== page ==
Thanksgiving Day, usually in October, which was ancient and common in Patria long before it was heard of in America, continued in New Netherland, and gave a sort of closure on summer sports. Then the programme of stalwart, outdoor activities and winter joys opened in earnest. After Santa Claus’ Day, December 6, preparations for Christmas and its feastings began. If gilded and frosted gingerbread made into figures of the good saints, warriors, horses, wagons, and other odd shapes, and Deventer cookies, rich in every sort of spice and fruit, abounded for the children on the saint’s day, the oven turned out even a more wonderful store of goodies for both old and young at Christmas time. Poems, recitations, and songs were part of the programme, and the social joys were apt to last several days.
The winter was the busy school time, and Sunday had also a long double hour of sitting, which tried the patience and good manners of the young folks.
Many are the local traditions of misunderstandings between the small boy and his mentors, — the Domine, sexton, schoolmaster, pasture-keeper, and magistrate. We must not take too seriously sone of these legends, nor imagine that young folks did not have as good a time in those days, or that; they inherited a larger measure of total depravity than do we in these later days. If we have any sense of humor and the least imagination, we can see how different were the points of view of sedate adults and lively youngsters then as well as now. For example, in filling up an old well long disused and not far from the wall-line of the fourth church edifice in Schenectady, torn down to make room for a new, larger fifth building, the skeletons of two boys were found at the bottom. Now it does not follow, despite local legend, that they had suffered a fate similar to that of the Princes in the Tower at the hands of an irate sexton, because of juvenile bad behavior in church. Nevertheless, tradition avers that boys on the backless seats of pine were not always as quiet as the mice of the proverb. It is alleged that the cherub-faced girls whispered and even flirted, while the Domine preached, and that ever and anon pebbles and marbles, instead of coins, were found in the velvet collection bags of the deacons.
All evidences go to show that the girls had a good time. They were kept so busy with household duties and accomplishments — then so much more numerous than in our day of patents, machinery, and factories — that they entered into merrymaking with a vim equal to that shown by the boys. In winter, the morning might be given to putting the house in order and furnishing the larder from dairy and kitchen, for the unfathomable appetites of the men and lads. But Penelope’s afternoons were spent at the distaff or spinning-wheel, or with sewing-basket or darning needles. In the evenings there were social joys, guessing games, and trials of chance. The ever present refreshments came at the proper moment of vacuity and full appreciation. Kissing games were much more common than now. In spring, when “good sap-weather,” of alternate sunshine by day and freezing by night, turned the maple trees into saccharine fountains, “sugaring, off” was the evening joy of the Mohawk Valley, the hot sap being boiled down and run on snow, of which each of the young folks had a pan easily refilled.
When the season of flowers opened, no people more than the Dutch kept tally of the floral calendar of leaf, color, and perfume of “the angels of the grass.” For each of the great Church and Christian festivals there was a special flower with its sentiment and meaning. Gladly did they welcome the hepatica as the Paschal bloom. When the passion flower came from the tropics, the wistaria from Japan, and the white daisy from England, the old friends and new acquaintances dwelt together in the same gardens. From Haarlem, the floral capital of the world, and Leyden, the house city of learning in Patria, novelties were imported frequently to give variety either to the stiff, formal gardens borrowed from and so fashionable in Europe, or to the dooryards in which individual taste ruled.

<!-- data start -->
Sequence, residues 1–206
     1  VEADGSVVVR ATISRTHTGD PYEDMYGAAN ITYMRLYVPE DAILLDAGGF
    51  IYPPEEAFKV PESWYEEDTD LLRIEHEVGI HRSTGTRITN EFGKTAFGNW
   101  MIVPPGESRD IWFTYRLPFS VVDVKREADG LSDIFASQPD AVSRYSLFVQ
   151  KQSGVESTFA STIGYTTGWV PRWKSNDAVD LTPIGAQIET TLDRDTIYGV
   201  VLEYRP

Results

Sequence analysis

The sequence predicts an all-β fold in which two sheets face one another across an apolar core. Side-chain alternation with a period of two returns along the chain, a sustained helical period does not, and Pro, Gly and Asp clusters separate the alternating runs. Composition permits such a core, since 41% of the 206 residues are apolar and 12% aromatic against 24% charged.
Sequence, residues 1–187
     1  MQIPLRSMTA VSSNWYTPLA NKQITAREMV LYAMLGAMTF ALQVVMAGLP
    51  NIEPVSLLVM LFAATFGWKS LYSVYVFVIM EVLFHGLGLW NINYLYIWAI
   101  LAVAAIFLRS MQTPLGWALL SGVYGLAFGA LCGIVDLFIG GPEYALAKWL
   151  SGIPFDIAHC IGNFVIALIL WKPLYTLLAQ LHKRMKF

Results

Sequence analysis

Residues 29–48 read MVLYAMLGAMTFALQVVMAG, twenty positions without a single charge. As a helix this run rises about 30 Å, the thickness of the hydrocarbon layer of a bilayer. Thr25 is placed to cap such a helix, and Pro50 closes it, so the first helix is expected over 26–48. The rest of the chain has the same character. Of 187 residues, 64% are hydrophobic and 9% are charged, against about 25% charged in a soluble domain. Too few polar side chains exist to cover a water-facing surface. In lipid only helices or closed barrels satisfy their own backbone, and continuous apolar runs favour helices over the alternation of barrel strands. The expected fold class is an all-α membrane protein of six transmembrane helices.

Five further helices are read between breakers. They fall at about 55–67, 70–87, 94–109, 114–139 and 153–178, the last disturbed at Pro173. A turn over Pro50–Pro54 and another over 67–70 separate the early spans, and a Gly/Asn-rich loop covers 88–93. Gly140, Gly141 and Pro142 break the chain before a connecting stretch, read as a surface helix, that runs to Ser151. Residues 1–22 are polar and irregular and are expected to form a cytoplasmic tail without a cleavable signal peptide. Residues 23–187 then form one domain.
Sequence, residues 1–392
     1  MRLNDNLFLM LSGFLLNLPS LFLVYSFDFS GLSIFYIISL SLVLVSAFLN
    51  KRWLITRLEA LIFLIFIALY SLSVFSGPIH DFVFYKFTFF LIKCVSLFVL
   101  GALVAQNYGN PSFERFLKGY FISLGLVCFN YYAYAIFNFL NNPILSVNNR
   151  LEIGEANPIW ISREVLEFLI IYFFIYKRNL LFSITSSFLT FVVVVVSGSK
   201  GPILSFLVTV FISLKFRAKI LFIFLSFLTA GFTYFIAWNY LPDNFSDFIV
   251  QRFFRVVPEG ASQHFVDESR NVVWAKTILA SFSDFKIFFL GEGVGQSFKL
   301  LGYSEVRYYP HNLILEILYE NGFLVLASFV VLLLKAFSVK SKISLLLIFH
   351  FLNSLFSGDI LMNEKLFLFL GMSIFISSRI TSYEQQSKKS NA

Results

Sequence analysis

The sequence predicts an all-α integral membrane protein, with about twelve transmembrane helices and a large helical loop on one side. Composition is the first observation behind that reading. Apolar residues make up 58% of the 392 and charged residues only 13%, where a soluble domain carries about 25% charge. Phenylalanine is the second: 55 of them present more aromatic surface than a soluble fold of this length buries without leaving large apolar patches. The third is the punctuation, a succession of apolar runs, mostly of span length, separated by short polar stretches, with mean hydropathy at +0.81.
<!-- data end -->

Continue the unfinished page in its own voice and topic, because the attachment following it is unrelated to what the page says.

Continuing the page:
Back of the tremendous commercial activities of the fur-trade, as seen in bales, heaps, and counters, in warehouses and on ships, was the wonder world of live animals. The forest, with its mystery, was ever a lure. Most boys and girls had their live pets from the woods, caught in traps or captured after the parents of the young animals had become meat and fur. Hill, glen, meadow, and brooksides meant enterprise and activity for the lad. Even the little boy had his blunt arrows, and playing with Indians of like age, he was able to rival them, and bring down real birds, to trap the smaller animals, and to bring home many a string of fish for dinner. When old enough to be trusted with guns, the boys went out into the forest for venison. As for rabbits, wild pigeons, and smaller game, they were innumerable. Young Jacobus van Curler, out shooting with van Twiller, boasted that he had killed over a hundred blackbirds at one shot. In April wild pigeons flew in such masses that the sun’s light was lessened, and so low that they could be knocked down with clubs.
In Schenectady, when only a few canoes drawn up on the riverbank and a parallelogram of stakes in the pine forests scarcely made the creatures in fur and feather suspicious of danger, wild turkeys and deer, coming from the hills to drink, were sometimes killed within the palisades. Ducks were shot along Cow Horn Creek, and in the marshes near the town, down to the end of the eighteenth century. Indeed, I can remember when, as late as 1881, notwithstanding railways and civilization, a wild stag from the Adirondacks, having lost its way, fled across the frozen Mohawk River, and rushed into the streets of Schenectady.
Chased by dogs, it got its antlers tangled up in the iron fence of St. George’s Churchyard. Yet not easily was its freedom lost. It demolished utterly with its hoof’s the clothes of it strong man who thought to capture it alive and quickly.
One pleasant feature of frontier life, despite its roughness, was the close mutual acquaintance of all domestic animals, four-footed and human. As even to-day, one in a city can tell, by their feelings of fear or trust in a horse, for example, the children born and bred in the country and those who have lived between brick walls, so even in New Netherland the sports of town and country differed, and human beings lived nearer nature in village and country than in the towns. Kiō ni mō inaka (even in the metropolis there are boors) and Kiō sumeru (where you live, that is the capital) might be Dutch as well as Japanese proverbs, for there was culture on the frontier and rudeness on Manhattan.